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Open Access Highly Accessed Research article

A Novel microRNA and transcription factor mediated regulatory network in schizophrenia

An-Yuan Guo1, Jingchun Sun12, Peilin Jia12 and Zhongming Zhao123*

Author Affiliations

1 Department of Biomedical Informatics, Vanderbilt University School of Medicine, Nashville, TN, USA

2 Department of Psychiatry, Vanderbilt University School of Medicine, Nashville, TN, USA

3 Bioinformatics Resource Center, Vanderbilt-Ingram Cancer Center, Vanderbilt University, Nashville, TN, USA

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BMC Systems Biology 2010, 4:10  doi:10.1186/1752-0509-4-10

The electronic version of this article is the complete one and can be found online at: http://www.biomedcentral.com/1752-0509/4/10


Received:30 September 2009
Accepted:15 February 2010
Published:15 February 2010

© 2010 Guo et al; licensee BioMed Central Ltd.

This is an Open Access article distributed under the terms of the Creative Commons Attribution License (http://creativecommons.org/licenses/by/2.0), which permits unrestricted use, distribution, and reproduction in any medium, provided the original work is properly cited.

Abstract

Background

Schizophrenia is a complex brain disorder with molecular mechanisms that have yet to be elucidated. Previous studies have suggested that changes in gene expression may play an important role in the etiology of schizophrenia, and that microRNAs (miRNAs) and transcription factors (TFs) are primary regulators of this gene expression. So far, several miRNA-TF mediated regulatory modules have been verified. We hypothesized that miRNAs and TFs might play combinatory regulatory roles for schizophrenia genes and, thus, explored miRNA-TF regulatory networks in schizophrenia.

Results

We identified 32 feed-forward loops (FFLs) among our compiled schizophrenia-related miRNAs, TFs and genes. Our evaluation revealed that these observed FFLs were significantly enriched in schizophrenia genes. By converging the FFLs and mutual feedback loops, we constructed a novel miRNA-TF regulatory network for schizophrenia. Our analysis revealed EGR3 and hsa-miR-195 were core regulators in this regulatory network. We next proposed a model highlighting EGR3 and miRNAs involved in signaling pathways and regulatory networks in the nervous system. Finally, we suggested several single nucleotide polymorphisms (SNPs) located on miRNAs, their target sites, and TFBSs, which may have an effect in schizophrenia gene regulation.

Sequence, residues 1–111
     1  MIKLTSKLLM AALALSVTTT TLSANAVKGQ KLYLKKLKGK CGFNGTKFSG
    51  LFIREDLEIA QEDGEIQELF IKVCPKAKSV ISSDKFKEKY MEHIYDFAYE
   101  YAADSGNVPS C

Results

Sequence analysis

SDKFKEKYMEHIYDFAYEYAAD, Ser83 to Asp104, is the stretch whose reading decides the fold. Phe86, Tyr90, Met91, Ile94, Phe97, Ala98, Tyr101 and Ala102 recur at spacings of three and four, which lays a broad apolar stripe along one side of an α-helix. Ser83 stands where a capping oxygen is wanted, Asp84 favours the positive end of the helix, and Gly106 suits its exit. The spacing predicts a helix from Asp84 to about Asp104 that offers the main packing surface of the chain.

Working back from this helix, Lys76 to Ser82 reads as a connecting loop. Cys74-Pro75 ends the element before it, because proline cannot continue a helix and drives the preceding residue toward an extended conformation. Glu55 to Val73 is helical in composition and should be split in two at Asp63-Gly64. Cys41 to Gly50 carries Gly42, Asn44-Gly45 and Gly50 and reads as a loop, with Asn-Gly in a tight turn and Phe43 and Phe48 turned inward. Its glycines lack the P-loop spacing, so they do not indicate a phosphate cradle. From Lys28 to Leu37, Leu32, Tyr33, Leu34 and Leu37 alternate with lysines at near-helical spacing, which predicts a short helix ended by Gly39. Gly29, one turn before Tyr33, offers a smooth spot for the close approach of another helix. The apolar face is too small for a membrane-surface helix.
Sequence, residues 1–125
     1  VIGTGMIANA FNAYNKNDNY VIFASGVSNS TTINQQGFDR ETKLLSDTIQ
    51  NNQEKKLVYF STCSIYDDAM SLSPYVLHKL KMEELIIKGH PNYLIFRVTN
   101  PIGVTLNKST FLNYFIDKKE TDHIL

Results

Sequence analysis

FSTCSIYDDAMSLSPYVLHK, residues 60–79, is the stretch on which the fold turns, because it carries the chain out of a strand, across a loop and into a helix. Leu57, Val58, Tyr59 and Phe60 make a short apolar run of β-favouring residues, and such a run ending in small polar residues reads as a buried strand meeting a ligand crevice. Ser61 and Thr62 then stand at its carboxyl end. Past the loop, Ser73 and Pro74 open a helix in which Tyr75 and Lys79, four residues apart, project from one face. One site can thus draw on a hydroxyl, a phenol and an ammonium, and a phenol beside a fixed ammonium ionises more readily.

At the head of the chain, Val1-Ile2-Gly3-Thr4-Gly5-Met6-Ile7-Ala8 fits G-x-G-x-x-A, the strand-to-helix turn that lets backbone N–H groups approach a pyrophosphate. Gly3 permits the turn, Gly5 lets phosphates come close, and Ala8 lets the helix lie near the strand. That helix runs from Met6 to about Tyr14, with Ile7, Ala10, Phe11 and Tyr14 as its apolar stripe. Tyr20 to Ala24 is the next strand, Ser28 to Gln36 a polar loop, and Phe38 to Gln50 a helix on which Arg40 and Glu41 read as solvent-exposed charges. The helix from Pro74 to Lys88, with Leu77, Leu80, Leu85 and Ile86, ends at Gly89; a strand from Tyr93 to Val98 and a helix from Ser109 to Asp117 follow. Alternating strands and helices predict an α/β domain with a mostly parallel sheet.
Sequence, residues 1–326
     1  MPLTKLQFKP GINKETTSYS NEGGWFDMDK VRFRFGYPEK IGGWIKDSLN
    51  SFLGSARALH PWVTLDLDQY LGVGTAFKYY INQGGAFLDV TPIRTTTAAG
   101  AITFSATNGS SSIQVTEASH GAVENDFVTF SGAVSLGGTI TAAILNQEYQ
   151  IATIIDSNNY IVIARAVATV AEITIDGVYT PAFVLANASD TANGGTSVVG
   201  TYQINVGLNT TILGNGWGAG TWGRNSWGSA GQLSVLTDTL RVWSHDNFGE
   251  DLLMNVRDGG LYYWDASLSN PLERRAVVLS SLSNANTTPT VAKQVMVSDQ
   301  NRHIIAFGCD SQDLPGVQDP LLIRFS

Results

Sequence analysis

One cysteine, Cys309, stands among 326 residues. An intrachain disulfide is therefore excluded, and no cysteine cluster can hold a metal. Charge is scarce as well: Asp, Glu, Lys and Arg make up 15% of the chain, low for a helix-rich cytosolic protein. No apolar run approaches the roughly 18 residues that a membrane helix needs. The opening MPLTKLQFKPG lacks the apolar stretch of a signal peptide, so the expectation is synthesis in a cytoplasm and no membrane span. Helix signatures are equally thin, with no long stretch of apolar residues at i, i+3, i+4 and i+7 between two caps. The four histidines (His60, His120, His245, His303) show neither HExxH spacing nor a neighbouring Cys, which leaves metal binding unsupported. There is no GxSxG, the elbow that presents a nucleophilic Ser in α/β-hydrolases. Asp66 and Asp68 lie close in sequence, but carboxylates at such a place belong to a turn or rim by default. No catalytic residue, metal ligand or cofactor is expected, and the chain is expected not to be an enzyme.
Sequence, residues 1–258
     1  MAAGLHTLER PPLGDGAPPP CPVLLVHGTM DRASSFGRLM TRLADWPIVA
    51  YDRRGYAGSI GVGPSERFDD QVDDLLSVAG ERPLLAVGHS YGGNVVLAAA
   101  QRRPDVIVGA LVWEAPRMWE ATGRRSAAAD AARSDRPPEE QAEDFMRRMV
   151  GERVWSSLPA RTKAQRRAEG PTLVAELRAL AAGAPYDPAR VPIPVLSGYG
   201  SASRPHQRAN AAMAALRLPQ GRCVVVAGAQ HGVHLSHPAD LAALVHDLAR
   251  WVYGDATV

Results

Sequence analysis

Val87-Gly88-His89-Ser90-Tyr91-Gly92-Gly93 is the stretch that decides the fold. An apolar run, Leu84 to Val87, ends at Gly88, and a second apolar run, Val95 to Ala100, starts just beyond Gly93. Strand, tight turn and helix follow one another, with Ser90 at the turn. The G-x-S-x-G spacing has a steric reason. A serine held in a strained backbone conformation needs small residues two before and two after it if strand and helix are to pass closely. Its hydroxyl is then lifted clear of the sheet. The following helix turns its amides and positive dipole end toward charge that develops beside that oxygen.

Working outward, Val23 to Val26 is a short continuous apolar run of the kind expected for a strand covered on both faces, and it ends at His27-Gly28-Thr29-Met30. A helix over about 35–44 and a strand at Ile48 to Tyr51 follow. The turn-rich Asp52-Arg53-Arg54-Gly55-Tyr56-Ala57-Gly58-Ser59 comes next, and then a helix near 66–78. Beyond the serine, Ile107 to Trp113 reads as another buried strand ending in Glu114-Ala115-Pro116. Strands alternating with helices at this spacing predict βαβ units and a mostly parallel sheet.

Conclusions

This study provides many insights on the regulatory mechanisms of genes involved in schizophrenia. It represents the first investigation of a miRNA-TF regulatory network for a complex disease, as demonstrated in schizophrenia.

Background

Schizophrenia is a complex, chronic and severe brain disorder. So far, its pathophysiology and molecular mechanisms have remained poorly understood [1]. In the last decade numerous linkage and association studies, including a few genome-wide association studies (GWAS), have been performed to identify genetic predispositions to the disease, but most studies have been inconclusive. The limited success in the detection of genetic factors led us to hypothesize that schizophrenia is likely caused by the altered expression of many genes, which may individually contribute only a small risk, but may in aggregate interact at the biological pathway or gene-network level.

Recently, patterns of differential gene expression have been identified between schizophrenia case and control samples [2,3]. MicroRNAs (miRNAs) and transcription factors (TFs) are main regulators of gene expression. MiRNAs are short endogenous noncoding RNAs that mediate post transcriptional regulation and regulate a wide range of biological processes and diseases [4,5]. In the nervous system, studies have reported involvement of miRNAs in brain development, neuronal differentiation, and synaptic plasticity, all processes that have been implicated in neurological syndromes such as schizophrenia, fragile × syndromes, Parkinson's disease and Huntington's disease [5]. Specifically, 18 miRNAs were recently found to be differentially expressed in post-mortem brain samples of schizophrenia patients and controls [6,7]. Interestingly, a case-control association study revealed that two single nucleotide polymorphisms (SNPs) in miRNAs hsa-miR-206 and hsa-miR-198 were significantly associated with schizophrenia [8]. Furthermore, brain miRNAs affected by a microdeletion syntenic to human 22q11.2 were found in mouse models and human individuals carrying this microdeletion are at high risk of developing schizophrenia [9]. It has also been reported that miRNA hsa-miR-195 regulates BDNF and alters the expression of downstream GABAergic transcripts in schizophrenia [10]. Most recently, studies found that a miRNA regulates signaling downstream from the NMDA receptor, suggesting miRNAs as a new mechanism for altering brain gene expression in schizophrenia [11,12]. This accumulating data suggests that miRNAs may play important roles in the expression of genes linked to schizophrenia.

Transcription factors are essential regulators of gene expression in all living organisms. A TF regulates transcription of its target gene by specifically binding to the transcription factor binding site (TFBS) in the gene's promoter region. Since expression of an miRNA may be regulated by a TF [13], TF and miRNA may reciprocally regulate one another to form feedback loops, or alternatively, both TF and miRNA may regulate their target genes and form feed-forward loops (FFLs). Two recent studies explored hundreds of potential miRNA-mediated feedback and feed-forward loops at the genome level in mammals and found some interesting regulatory motifs [14,15]. Besides, Martinez et al. [16] combined experimental and computational methods and identified 23 miRNA-TF composite feedback loops in C. elegans. Several feedback loops and FFLs have been experimentally verified in mammals, such as feedback loops between ZEB1/SIP1 and miR-200 family in embryological development, E2Fs and miR-17/20 in cellular apoptosis, PITX3 and miR-133b in midbrain dopamine neurons, and a FFL E2Fs-Myc-miR-17/20 [17-19]. These studies were performed at the whole genome level by a computational approach or for specific FFLs by experimental validation, rather than a comprehensive miRNA-mediated network analysis for a specific complex disease or tissue.